This one looks a lot like the inside of the bookmobile that came around the neighborhood each summer when I was growing up in the late 1950's and early 60's..
My primary source for books back then was my grade school library. But the school library was closed during summer, and the city library was too far away to ride there on my bike. So the bookmobiles that were sent around to outlying parts of the city each summer were lifesavers.
Since then, Phoenix and its outlying communities have established a number of smaller library branches around the metro area, so the bookmobiles aren't around any more. (There are programs for shut-ins who can't get even to the branch libraries, allowing them to request books and have them delivered by mail.)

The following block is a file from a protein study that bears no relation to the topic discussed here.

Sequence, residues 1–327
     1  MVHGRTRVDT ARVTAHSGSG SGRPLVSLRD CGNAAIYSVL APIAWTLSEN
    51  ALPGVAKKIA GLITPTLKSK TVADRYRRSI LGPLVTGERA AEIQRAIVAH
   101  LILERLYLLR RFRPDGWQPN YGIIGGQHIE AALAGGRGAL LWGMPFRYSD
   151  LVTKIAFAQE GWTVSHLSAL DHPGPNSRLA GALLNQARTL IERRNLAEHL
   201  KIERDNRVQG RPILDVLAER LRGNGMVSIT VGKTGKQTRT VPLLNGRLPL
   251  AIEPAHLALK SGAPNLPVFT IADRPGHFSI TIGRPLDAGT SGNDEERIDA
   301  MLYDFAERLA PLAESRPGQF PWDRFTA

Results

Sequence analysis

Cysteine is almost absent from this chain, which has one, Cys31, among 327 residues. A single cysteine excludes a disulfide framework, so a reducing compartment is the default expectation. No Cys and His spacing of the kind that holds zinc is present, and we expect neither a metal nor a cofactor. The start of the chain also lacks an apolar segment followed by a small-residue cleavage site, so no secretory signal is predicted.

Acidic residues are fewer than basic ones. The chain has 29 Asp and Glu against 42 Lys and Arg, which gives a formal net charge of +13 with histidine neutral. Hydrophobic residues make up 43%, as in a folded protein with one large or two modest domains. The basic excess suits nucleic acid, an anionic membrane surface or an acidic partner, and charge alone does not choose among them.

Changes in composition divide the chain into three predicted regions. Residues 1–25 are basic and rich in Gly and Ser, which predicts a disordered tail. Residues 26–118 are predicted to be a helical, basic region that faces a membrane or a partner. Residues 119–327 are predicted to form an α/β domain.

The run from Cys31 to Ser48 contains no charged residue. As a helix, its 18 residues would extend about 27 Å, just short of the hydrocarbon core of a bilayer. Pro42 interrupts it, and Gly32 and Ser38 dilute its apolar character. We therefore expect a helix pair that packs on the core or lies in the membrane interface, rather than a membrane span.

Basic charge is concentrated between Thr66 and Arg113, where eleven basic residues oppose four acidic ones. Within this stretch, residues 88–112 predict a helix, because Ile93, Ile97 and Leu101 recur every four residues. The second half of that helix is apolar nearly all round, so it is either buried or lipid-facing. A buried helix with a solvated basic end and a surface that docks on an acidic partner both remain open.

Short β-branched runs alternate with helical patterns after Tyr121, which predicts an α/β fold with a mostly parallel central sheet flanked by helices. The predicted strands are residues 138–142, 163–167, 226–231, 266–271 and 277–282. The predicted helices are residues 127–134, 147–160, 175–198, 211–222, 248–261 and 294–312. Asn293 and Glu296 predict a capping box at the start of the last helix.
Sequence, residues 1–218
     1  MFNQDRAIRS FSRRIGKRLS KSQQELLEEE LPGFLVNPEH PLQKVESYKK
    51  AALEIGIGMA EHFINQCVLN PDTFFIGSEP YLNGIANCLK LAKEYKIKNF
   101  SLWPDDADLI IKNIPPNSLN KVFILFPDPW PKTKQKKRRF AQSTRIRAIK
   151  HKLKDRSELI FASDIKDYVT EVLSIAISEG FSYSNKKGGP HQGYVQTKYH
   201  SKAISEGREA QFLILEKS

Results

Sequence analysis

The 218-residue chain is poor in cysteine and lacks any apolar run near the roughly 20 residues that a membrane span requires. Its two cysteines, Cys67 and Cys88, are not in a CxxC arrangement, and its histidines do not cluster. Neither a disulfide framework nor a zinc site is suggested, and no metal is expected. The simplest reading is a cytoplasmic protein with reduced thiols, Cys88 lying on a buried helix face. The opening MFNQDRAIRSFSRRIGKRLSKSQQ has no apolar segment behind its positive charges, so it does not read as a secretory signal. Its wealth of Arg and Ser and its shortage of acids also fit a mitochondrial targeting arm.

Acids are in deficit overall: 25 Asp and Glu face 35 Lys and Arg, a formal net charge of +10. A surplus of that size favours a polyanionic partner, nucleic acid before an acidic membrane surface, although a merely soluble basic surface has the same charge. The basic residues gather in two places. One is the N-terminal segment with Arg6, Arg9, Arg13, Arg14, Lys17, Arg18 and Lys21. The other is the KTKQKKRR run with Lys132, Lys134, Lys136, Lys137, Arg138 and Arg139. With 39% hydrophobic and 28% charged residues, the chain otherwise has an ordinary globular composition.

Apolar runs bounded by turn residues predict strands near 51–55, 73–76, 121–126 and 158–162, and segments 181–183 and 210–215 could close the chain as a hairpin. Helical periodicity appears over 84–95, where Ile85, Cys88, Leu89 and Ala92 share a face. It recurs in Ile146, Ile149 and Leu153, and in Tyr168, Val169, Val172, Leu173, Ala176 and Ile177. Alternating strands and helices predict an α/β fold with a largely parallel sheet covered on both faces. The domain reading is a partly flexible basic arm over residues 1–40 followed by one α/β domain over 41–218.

In their time, though, the bookmobiles were sort of the equivalent of the Internet. If you couldn't get to a library or a bookstore, the books would come to your neighborhood.
Googling a bit, I find there now exists the Overdrive Digital Bookmobile, a travelling exhibit in a large tractor-trailer that travels from city to city, showing library patrons how to use the Overdrive program to download e-books and audiobooks from their local library system. I use Overdrive frequently for the books I read on my smartphone.
(I also found out last week that an update to Overdrive now allows me to directly download audiobooks to the smartphone, which hadn't been possible before. Whoo-hoo! Used it last weekend to listen to Iain Bank's Player of Games while making my rounds at work.)
|early bookmobile, Cincinnati, 1927|
(link to Mess Nessy Chic via Regan Wolfrom's Speculative Fiction Writing Wroundup)